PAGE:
Sometimes things are slow
Today was the first day that the mare and I went out to the round pen to do "actual work." Most of what we've been doing is just spending time together. Leading and grooming and some work on her feet. She walked out to the round pen on a loose lead rope and wasn't fazed at all by the new situation at all.
There are so many things that I don't know about this mare. I can only guess what she's been through and what she knows. She can be very light on a lead rope and a lunge line which makes me think that it's not completely new to her. However, she can also get nervous quickly if I do certain things. My main goal today was to just introduce her to the round pen and do enough work so that she would know that I'm a safe place to be.
As I've said before, she's not easy to catch unless you bribe her. She'll stay just out of reach without actually running away. After a short session with the lunge line so show her that if she comes in when asked she gets to relax, I took the line off and sent her out to the edge of the round pen. It was a slow hour that followed. I would push her out and have her trot around until she "asked" to come in by looking at me. Then I'd take the pressure off and just ask her to touch my hand with her nose. When we finally got to the point where she was meeting me halfway and not backing up, I started asking her to walk with me. I would turn away while standing on her left side just like I would if I had a lead rope attached to her halter. She wasn't moving with me but she was moving her head with me so I used that to line myself up with her left shoulder where I would just stand with her while stopped. Once I was there, she let me pet her neck without moving away from me. That was the icebreaker. I could then reach up and pull just enough on her halter to get her feet moving and from there she was following and stopping without any lead rope or pressure. It seems like the smallest step forward (and we'll probably take another back in the next day or two) but I was more than happy with it.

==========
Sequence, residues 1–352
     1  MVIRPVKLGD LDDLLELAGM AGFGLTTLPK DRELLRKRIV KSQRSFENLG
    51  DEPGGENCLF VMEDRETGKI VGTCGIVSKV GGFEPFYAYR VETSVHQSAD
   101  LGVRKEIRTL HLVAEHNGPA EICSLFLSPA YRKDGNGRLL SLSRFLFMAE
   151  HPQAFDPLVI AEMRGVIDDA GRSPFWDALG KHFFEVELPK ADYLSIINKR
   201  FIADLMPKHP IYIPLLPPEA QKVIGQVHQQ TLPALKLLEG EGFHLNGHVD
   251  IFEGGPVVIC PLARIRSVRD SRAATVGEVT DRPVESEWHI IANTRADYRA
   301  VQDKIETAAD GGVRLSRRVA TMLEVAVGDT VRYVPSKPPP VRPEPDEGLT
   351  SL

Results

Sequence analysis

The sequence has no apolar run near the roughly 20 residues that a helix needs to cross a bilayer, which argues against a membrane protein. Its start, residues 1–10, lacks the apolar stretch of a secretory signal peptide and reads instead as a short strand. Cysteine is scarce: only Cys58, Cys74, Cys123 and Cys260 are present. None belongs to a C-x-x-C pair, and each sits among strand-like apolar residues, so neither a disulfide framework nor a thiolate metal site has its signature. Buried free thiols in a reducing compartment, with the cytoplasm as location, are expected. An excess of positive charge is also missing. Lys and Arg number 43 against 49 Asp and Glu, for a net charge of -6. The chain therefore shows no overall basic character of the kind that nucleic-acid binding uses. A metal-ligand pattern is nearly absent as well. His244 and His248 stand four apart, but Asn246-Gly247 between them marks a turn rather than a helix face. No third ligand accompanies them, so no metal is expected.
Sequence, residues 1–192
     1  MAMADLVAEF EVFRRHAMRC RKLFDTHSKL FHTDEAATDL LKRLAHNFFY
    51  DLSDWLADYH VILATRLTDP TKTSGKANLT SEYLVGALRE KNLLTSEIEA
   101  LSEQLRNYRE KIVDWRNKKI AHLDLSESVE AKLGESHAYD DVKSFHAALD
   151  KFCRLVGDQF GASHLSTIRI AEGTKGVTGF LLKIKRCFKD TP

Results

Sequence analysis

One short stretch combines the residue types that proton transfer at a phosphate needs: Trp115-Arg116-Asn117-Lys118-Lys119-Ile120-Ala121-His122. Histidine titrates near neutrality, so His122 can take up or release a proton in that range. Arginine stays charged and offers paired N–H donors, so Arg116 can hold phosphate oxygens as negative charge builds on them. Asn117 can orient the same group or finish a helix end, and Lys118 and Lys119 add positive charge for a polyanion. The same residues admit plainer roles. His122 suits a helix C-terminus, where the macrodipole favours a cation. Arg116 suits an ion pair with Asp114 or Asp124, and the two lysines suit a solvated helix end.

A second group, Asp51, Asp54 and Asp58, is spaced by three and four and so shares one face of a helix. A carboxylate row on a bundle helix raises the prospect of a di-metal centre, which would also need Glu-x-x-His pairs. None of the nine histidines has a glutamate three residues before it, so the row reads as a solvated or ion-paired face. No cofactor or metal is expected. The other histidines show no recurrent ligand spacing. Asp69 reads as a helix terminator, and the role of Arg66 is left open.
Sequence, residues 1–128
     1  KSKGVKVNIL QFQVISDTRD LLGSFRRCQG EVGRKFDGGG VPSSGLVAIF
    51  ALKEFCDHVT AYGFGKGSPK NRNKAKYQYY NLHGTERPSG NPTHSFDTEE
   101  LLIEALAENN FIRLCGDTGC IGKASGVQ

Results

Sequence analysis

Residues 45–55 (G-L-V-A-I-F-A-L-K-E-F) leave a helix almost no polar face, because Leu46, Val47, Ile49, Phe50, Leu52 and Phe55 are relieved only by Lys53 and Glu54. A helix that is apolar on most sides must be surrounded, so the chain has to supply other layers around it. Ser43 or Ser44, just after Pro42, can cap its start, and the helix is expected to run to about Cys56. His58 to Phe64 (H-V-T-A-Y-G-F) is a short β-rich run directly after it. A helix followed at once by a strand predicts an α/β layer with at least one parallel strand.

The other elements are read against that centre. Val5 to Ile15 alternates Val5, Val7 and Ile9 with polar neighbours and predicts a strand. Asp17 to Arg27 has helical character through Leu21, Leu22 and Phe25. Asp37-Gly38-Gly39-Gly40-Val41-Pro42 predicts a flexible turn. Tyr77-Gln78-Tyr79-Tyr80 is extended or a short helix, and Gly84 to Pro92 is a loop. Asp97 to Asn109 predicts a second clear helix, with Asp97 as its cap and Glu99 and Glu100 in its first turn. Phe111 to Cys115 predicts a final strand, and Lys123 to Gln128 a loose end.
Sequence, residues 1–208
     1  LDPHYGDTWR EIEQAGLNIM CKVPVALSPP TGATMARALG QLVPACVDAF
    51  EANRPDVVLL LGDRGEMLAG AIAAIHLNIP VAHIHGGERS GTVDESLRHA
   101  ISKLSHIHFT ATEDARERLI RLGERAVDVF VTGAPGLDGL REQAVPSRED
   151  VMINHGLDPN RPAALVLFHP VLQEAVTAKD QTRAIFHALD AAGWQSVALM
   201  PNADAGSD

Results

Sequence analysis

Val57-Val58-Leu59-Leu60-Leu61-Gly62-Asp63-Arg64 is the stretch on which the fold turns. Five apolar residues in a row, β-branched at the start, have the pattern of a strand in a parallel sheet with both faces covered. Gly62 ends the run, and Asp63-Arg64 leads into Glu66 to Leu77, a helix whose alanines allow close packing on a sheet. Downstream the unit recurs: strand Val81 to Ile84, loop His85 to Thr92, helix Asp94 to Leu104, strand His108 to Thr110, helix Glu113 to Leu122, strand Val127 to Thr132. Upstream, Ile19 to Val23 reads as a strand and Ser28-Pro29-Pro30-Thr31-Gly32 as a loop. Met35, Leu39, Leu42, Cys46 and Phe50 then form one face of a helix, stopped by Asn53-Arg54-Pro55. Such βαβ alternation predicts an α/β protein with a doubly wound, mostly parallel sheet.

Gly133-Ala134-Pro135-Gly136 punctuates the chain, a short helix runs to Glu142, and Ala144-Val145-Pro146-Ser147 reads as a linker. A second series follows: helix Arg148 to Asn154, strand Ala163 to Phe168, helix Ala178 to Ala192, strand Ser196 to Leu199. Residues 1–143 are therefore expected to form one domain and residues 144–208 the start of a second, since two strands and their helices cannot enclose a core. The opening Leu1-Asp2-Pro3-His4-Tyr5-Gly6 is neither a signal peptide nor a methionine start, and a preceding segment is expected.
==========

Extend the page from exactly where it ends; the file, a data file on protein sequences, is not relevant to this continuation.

When working with a horse (especially one at this point in their training) things can move very slow. It can be incredibly frustrating and so easy to give up on. You have to have a lot of patience and you need to give yourself the time and grace. If you plan to get to Point A within a set period of time, you're almost sure to miss the goal. I spent almost an hour and a half to get her to the point where I could touch her without bribery, and I'll probably have to do it all again tomorrow. If I had made a set goal and had a time limit, then it's more than likely that I would've left the round pen frustrated and neither of us would've made progress.
"Trust is only gained when one person risks and doesn't get harmed. It grows as both people increasingly risk and don't get harmed in the process."